Hollywood invariably sacrifices accuracy to the demands of the box office -- so the movie "U-571," for instance, depicts American sailors lifting an Enigma coding machine from a captured German U- boat when the real heroes were the British (who justly fumed). …

The rest of this article is only available to active members of Questia

Already a member? Log in now.

Notes for this article

Add a new note
If you are trying to select text to create highlights or citations, remember that you must now click or tap on the first word, and then click or tap on the last word.
One moment ...
Default project is now your active project.
Project items
Notes
Cite this article

Cited article

Style
Citations are available only to our active members.
Buy instant access to cite pages or passages in MLA 8, MLA 7, APA and Chicago citation styles.

(Einhorn, 1992, p. 25)

(Einhorn 25)

(Einhorn 25)

1. Lois J. Einhorn, Abraham Lincoln, the Orator: Penetrating the Lincoln Legend (Westport, CT: Greenwood Press, 1992), 25, http://www.questia.com/read/27419298.

Note: primary sources have slightly different requirements for citation. Please see these guidelines for more information.

Cited article

Tales of Spies, Luck, Pluck and Doom
Settings

Settings

Typeface
Text size Smaller Larger Reset View mode
Search within

Search within this article

Look up

Look up a word

  • Dictionary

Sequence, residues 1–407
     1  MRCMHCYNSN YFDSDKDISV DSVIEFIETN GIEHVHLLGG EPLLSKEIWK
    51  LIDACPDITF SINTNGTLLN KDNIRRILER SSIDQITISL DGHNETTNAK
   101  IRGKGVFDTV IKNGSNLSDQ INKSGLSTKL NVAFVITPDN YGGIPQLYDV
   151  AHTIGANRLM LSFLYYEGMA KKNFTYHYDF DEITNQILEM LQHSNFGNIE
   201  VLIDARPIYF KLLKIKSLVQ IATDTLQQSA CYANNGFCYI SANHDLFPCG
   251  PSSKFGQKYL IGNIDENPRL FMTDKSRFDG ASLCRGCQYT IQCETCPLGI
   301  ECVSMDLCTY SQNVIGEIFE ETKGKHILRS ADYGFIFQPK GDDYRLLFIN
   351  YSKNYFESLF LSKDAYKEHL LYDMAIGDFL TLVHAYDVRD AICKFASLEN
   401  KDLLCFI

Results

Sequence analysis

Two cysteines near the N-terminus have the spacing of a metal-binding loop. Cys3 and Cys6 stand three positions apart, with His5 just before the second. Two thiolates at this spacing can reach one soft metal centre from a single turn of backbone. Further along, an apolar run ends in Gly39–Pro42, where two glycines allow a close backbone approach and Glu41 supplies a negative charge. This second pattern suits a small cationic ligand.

• Thesaurus
Please submit a word or phrase above.
Print this page

Print this page

Why can't I print more than one page at a time?

Help
Full screen
Items saved from this article
  • Highlights & Notes
  • Citations
Some of your highlights are legacy items.

Highlights saved before July 30, 2012 will not be displayed on their respective source pages.

You can easily re-create the highlights by opening the book page or article, selecting the text, and clicking “Highlight.”

matching results for page

    Questia reader help

    How to highlight and cite specific passages

    1. Click or tap the first word you want to select.
    2. Click or tap the last word you want to select, and you’ll see everything in between get selected.
    3. You’ll then get a menu of options like creating a highlight or a citation from that passage of text.

    OK, got it!

    Cited passage

    Style
    Citations are available only to our active members.
    Buy instant access to cite pages or passages in MLA 8, MLA 7, APA and Chicago citation styles.

    "Portraying himself as an honest, ordinary person helped Lincoln identify with his audiences." (Einhorn, 1992, p. 25).

    "Portraying himself as an honest, ordinary person helped Lincoln identify with his audiences." (Einhorn 25)

    "Portraying himself as an honest, ordinary person helped Lincoln identify with his audiences." (Einhorn 25)

    "Portraying himself as an honest, ordinary person helped Lincoln identify with his audiences."1

    1. Lois J. Einhorn, Abraham Lincoln, the Orator: Penetrating the Lincoln Legend (Westport, CT: Greenwood Press, 1992), 25, http://www.questia.com/read/27419298.

    Cited passage

    Thanks for trying Questia!

    Please continue trying out our research tools, but please note, full functionality is available only to our active members.

    Your work will be lost once you leave this Web page.

    Buy instant access to save your work.

    Already a member? Log in now.

    Search by... Author
    Show... All Results Primary Sources Peer-reviewed

    Oops!

    An unknown error has occurred. Please click the button below to reload the page. If the problem persists, please try again in a little while.